Tag Archives: IRA

Where does Bogota go from here?

I was out paying the rent. A banal and hardly soul satisfying event in my life.

Queues and Colombian banks.

The call from Alba came through onto my cellphone. Over the sound of fire engines, police cars and military sirens I missed it. It was 1102 on Tuesday morning.

More pressing on my mind has been my inability to buy my wife a birthday present for tomorrow. This thought was all too present in the elevator up to our apartment on the 4th floor of the building on Calle 64.

“When did you get in?”

“Just now.”

“I called. I heard an explosion and knew you were out in the street. I was worried.”

I checked my cell. Lo and behold, one missed call.

“Don’t worry,” I said, “It’ll be heavy police presence around the Universidad Pedagogica for the inevitable protests regarding the Free Trade Agreement with the US.”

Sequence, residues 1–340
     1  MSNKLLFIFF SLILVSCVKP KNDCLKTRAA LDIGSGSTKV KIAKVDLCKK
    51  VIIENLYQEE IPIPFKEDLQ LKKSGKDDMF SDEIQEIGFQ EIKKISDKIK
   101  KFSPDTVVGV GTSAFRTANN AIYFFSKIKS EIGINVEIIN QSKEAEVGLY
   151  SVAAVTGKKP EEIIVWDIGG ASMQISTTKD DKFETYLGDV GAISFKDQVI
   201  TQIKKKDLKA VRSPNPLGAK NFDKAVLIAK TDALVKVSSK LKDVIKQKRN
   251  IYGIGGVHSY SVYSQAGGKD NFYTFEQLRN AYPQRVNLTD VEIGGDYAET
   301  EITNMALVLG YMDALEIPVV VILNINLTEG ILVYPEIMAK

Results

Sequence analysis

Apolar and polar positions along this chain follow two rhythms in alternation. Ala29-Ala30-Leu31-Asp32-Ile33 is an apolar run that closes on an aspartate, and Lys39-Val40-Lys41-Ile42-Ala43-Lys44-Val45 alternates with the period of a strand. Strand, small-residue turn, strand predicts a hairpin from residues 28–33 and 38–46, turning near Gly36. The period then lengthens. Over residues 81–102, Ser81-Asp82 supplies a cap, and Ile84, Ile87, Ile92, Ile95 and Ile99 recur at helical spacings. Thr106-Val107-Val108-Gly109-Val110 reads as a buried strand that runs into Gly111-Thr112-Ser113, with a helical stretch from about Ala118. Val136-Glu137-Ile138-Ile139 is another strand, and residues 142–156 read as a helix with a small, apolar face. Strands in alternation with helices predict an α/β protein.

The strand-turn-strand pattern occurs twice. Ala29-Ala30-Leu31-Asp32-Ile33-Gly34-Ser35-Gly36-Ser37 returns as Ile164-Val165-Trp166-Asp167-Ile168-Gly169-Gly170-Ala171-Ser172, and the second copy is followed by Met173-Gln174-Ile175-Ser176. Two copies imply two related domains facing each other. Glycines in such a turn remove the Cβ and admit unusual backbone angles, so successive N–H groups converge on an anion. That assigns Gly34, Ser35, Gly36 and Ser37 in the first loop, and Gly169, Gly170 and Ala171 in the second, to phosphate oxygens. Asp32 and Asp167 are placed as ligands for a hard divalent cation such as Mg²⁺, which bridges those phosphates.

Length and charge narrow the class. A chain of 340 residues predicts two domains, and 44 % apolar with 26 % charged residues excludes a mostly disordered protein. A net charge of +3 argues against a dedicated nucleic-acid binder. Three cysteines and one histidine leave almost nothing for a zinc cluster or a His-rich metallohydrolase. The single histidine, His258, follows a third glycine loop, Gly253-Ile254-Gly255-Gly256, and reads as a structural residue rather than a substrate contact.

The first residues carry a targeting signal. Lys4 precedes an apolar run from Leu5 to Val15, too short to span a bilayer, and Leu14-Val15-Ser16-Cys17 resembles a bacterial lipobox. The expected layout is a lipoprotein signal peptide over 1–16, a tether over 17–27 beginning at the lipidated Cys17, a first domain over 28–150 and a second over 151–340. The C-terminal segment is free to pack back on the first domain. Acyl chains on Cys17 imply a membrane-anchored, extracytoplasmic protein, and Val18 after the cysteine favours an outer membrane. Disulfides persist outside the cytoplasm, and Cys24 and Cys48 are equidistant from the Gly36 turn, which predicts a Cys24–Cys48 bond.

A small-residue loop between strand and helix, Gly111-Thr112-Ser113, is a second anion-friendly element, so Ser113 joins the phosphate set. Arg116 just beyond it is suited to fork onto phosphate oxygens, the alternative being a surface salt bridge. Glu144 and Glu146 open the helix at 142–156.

Really, lights, sirens and noise are no strangers to our barrio. Living close to this university with its legions of militant students has always made life colourful, if not only for the politically charged graffiti emblazoned all over the faculty walls.

We turned on the news and there it was.

One car bomb diffused in downtown Bogota this morning and then another exploded at 1102 several blocks from where we live.

We lament the tragic loss of life that at this moment in time numbers 5. The target this morning was Fernando Londono, a former Minister in President Uribe’s government. They very nearly succeeded. He is currently in hospital being operated on to remove the shards of glass from the windscreen of his car that are lodged dangerously close to his heart, in his trachea, face and lungs. His ear drums are destroyed.

Sickening.

It appears that at the traffic lights on the Calle 74 an individual walked around the side of his car and tossed a bomb up onto the windscreen where it meets the bonnet. No vehicle, armoured or not is going to survive this.

Tragically his driver and another bodyguard were killed. The bus driver in the lane alongside along with other innocent bystanders lost their lives. It remains a miracle that more people did not perish at such a busy intersection.

I know it well.

Bogota is suffering.